Jim - i dont quite follow on the measurement piece. are you saying to measure the total amount of travel the lifter generates from lowest point of cam rotation to the highest? and maybe using top of lifter bore as a static reference point? on a related but simplistic note - I now understand the rocker multiplier (thanks big d) - so lets say lobe lift without the multiplier is .300. is that saying the lobe lift is .300 of one inch? so roughly 1/3 of 1 inch?
 

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well i dont know what to think on this cam. i attached pics of 540 233 stacked, and as I mentioned, there are no poly locks so I believe its hydraulic cam. so big d, i think its contradicts what that wallace chart says. I took a couple pics of lifters if that will help any. let me know if any other thoughts.

Jim - i dont quite follow on the measurement piece. are you saying to measure the total amount of travel the lifter generates from lowest point of cam rotation to the highest? and maybe using top of lifter bore as a static reference point? on a related but simplistic note - I now understand the rocker multiplier (thanks big d) - so lets say lobe lift without the multiplier is .300. is that saying the lobe lift is .300 of one inch? so roughly 1/3 of 1 inch?
"is that saying the lobe lift is .300 of one inch? so roughly 1/3 of 1 inch?" Roughly because it really is not 1/3 of an inch - 3 x .300 = .900. That's .100" short of an inch - which in cam lift is a significant number. So you cannot use the "inch" measurement to guess if that is what you are suggesting as you will not get an accurate reading. Inches are broken down in 1/16th's, a dial indicator measures in 10th's. You will need a dial indicator for an accurate measurement.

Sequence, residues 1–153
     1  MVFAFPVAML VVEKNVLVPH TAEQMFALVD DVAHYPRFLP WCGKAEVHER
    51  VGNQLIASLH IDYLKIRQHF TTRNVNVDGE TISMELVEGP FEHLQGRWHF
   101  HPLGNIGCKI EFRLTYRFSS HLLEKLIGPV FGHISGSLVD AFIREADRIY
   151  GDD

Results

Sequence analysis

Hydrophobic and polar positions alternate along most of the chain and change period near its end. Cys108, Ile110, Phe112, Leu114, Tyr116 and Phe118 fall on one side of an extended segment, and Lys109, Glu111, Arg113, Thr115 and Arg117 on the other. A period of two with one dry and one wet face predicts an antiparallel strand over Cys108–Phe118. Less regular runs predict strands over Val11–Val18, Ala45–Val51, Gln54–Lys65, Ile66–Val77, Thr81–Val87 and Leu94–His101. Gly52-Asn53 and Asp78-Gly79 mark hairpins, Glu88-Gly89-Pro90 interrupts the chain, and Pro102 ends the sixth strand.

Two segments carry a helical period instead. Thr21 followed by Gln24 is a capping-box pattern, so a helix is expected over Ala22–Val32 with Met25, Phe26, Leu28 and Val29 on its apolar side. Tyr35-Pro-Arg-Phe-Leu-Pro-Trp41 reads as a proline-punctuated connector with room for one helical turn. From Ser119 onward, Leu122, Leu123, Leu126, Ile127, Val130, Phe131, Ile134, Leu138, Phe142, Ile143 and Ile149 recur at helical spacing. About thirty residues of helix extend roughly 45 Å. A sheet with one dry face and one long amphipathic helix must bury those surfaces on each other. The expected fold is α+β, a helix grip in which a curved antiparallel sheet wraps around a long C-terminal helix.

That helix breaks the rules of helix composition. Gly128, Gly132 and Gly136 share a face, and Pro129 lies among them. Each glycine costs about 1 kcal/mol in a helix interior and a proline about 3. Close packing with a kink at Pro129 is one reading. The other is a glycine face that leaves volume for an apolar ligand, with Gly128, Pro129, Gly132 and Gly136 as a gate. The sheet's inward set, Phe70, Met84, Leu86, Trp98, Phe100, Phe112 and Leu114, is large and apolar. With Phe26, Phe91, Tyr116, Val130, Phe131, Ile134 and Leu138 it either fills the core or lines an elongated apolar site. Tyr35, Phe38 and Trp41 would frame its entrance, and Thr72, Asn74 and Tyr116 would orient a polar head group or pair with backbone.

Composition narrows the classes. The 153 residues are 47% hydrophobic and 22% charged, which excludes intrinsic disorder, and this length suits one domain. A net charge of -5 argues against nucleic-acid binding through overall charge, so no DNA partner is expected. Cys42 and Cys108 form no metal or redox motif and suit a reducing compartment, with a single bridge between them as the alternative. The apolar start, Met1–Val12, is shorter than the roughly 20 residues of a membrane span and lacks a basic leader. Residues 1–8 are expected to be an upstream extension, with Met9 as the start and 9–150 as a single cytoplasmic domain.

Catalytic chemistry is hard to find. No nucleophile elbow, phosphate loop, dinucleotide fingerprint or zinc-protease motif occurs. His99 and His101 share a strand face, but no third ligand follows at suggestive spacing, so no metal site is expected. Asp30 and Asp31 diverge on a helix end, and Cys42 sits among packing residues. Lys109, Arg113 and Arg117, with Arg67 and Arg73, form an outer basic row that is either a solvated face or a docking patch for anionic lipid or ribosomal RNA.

As I said before, I think the number shown is a manufacturer or even cam blank stamping, not the actual specs of the cam.

Hydraulic lifters will have a little "springyness" to them. When you push down on the center where the pushrod goes, it will compress and then return. A solid lifter will not be able to be compressed - thus a "solid" lifter.

Check out this discussion starting at post #34 which should make things a little clearer - https://www.gtoforum.com/f170/cracked-my-400-open-new-cam-what-i-found-131265/index4.html
 

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Discussion Starter #15
The mystery continues. Those lifters have absolutely no give/sponginess. Is it possible to have a solid lift cam with regular nuts screwing down the rockers? Cause it seems that is what I have. I am not suggesting The number 540 233 has anything to do with the specs of this cam. Initially I thought it was that 389 sd cam. And if this is a mechanical cam , maybe it is. But again no idea why the heads have standard nuts and not poly locks...

Also no oil via rocker stud.

Thanks for push rod thread. That helps
 

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update. I did find a lifter that has some sponginess to it, but most of them are rock solid with no give. Is that a problem in and of itself?
 

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update. I did find a lifter that has some sponginess to it, but most of them are rock solid with no give. Is that a problem in and of itself?
You probably have hydraulic lifters and cam. They may be hard to push down as they may be pumped up with oil. If you take one out and place on a bench, when you push down you will most likely see the oil escaping out of the small oil fill hole in the side of the lifter and it will collapse down.

Factory rocker arm nuts are simply torqued down into place - unless you had a solid lifter engine or the engine had the "Royal Bobcat" upgrade which included a nylon ring at the top of the rocker arm nut to keep it from backing off and the lifters where then "zero lashed." The poly-locks were an improvement over the nylon locking nuts.